Written by: Johannes De Groeve
Partner institute: Fondazione Edmund Mach – Ghent University

Phd project: A wildlife journey in space and time: methodological advancements in the assessment and analysis of spatiotemporal patterns of animal movement in a changing European environment.

In the last week of September (25-29) I attended the course ‘Interactive Data Analysis and Visualization with R Shiny‘, organized by Transmitting Science near Barcelona, Spain. Specifically, we were hosted in a small and quiet village named Els Hostalets de Pierola, approximately half an hour from Barcelona, situated on a hill with a spectacular view of Montserrat, a famous mountain and landmark of Spain. The region in which the village is situated is well-known among geologists for its fossils dating back to the Mioceen, including plenty remains of mammals and reptiles and even of a Mioceen primate, the Pierolapithecus catalaunicus, discovered in 2002. The surrounding landscape is stunning: a fragmented landscape, with small canyons, forested hills and slopes covered by olive trees and vineyards. We were hosted in a youth hostel and the course was held in a venue 5 minutes walking from the accommodation.

The course was for people interested in developing R Shiny applications to deliver their research. The main goal was to teach the skills necessary to translate static into dynamic products delivered via simple web-based graphic-user interface. Shiny is extremely powerful and allows to make any R product interactive. Nowadays, thanks to its user friendliness, Shiny is gaining in popularity, especially in the USA where apps are even developed by newspapers to present interactive maps, tables and graphs. Since recently the R Shiny people also developed great tutorials to get started: https://shiny.rstudio.com/tutorial/.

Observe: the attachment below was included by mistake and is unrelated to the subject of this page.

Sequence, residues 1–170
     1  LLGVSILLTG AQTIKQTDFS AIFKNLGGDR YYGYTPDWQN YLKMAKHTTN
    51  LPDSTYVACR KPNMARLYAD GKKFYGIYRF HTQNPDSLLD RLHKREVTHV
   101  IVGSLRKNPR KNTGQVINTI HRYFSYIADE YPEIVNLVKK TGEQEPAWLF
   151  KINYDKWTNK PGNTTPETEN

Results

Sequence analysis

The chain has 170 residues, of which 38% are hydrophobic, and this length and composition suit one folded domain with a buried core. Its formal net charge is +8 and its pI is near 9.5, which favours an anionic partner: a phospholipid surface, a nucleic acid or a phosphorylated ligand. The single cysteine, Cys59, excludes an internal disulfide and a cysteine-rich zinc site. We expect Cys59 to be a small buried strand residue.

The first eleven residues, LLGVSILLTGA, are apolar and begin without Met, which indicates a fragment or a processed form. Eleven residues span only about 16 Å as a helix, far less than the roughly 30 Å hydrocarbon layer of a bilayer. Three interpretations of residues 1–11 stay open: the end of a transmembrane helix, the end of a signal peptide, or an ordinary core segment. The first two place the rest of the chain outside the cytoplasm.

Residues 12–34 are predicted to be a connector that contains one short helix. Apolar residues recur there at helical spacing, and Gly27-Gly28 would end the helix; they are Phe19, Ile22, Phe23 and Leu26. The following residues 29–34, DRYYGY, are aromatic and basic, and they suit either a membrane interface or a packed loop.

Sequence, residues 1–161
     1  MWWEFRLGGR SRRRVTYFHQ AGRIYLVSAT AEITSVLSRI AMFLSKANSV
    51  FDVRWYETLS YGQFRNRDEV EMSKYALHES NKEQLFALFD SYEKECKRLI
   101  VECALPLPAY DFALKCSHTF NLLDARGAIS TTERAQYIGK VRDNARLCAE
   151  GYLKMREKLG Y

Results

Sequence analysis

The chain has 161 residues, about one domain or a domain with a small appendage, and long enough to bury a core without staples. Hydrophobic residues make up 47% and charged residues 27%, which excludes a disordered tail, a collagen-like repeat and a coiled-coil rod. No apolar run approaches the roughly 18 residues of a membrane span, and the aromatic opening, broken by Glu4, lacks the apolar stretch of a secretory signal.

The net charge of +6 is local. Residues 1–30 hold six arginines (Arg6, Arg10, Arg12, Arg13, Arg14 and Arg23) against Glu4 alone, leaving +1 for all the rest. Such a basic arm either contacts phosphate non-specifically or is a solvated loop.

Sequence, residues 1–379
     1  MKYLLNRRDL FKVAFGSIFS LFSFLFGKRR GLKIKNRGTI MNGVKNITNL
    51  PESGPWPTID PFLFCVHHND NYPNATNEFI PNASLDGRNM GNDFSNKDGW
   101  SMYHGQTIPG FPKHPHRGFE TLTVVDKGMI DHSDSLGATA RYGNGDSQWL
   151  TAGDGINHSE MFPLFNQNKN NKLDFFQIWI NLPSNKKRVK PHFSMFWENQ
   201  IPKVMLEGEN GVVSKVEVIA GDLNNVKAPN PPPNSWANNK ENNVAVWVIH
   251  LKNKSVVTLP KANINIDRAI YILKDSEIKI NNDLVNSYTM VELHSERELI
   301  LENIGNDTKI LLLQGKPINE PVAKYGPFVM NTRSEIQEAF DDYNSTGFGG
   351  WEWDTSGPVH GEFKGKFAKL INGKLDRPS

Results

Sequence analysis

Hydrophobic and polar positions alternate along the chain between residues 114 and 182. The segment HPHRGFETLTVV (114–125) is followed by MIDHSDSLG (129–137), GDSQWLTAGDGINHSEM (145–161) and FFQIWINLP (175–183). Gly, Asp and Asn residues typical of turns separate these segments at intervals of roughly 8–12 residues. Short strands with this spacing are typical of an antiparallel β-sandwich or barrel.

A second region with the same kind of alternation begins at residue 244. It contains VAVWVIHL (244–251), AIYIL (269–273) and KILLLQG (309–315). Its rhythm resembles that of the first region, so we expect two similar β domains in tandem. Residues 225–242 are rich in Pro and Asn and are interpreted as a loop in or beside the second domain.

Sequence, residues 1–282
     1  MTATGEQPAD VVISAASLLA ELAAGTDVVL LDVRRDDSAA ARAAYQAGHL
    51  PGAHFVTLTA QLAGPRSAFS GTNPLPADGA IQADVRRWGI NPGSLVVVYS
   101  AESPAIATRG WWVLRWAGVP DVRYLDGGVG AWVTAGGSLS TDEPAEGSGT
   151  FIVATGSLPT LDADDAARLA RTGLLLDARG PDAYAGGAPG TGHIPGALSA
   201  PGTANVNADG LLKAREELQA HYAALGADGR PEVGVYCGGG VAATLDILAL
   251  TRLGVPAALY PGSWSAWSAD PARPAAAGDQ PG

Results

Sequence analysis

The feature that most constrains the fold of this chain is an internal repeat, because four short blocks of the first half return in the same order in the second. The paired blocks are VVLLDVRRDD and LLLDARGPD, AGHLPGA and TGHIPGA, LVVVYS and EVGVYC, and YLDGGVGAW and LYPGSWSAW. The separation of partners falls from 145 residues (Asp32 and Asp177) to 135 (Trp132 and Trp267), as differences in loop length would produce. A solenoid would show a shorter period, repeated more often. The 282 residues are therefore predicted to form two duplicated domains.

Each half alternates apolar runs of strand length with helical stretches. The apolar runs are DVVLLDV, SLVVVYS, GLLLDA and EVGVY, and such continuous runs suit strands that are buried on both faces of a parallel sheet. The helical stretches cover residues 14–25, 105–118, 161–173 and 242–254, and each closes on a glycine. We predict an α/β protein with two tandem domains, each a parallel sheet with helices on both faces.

During the course, our teacher Dr. Ashton Drew, taught us how to use available Shiny tools (i.e., widgets, such as slider bars, check boxes, pick lists) and other interactive features to make plots and tables interactive. Obtained knowledge was first applied to a provided dataset, and then, attendees could work on their own projects. I eagerly started to built my first interactive application of a methodology that I have developed in course of my PhD. Specifically, I built a prototype of an interactive tree-based application that makes use of Sequence Analysis Methods (SAM), derived from molecular biology, to explore, identify and classify ecologically relevant and similar sequential patterns in habitat use by animals. In the prototype of my app several parameters can be set interactively: temporal resolution and range of the sequences, number and classification of habitat use classes, environmental layers to visualize, etc. Currently the app is still in development, but once ready I will update the IRSAE community.


The course completely met my expectations. In a very short time I have learned so much and managed to built a prototype of a fairly complex app. The group was small and very diverse. In total we were seven students, all from different disciplines (engineering, zoology, bioinformatics, remote sensing, conservation, movement ecology,…) and different research levels (PhD candidates, postdocs, senior researchers). The organizers of this Transmitting Science course, Ana Rosa Gomez-Cano, Soledad De Esteban-Trivigno and her husband Juan Vicente Berto-Menqual, helped to make this a great experience. Several side activities were organized, including a hike, a visit to the paleotological museum and to a cava winery and finally a barbecue in the garden of Soledad and Juan. During lunch we also learned to know the local Spanish food, which was deliciously prepared by Juan.

To conclude, I highly recommend to any IRSAE student to have a look at the courses offered by Transmitting Science (http://www.transmittingscience.org/courses/). IRSAE students have a 20% discount to any course.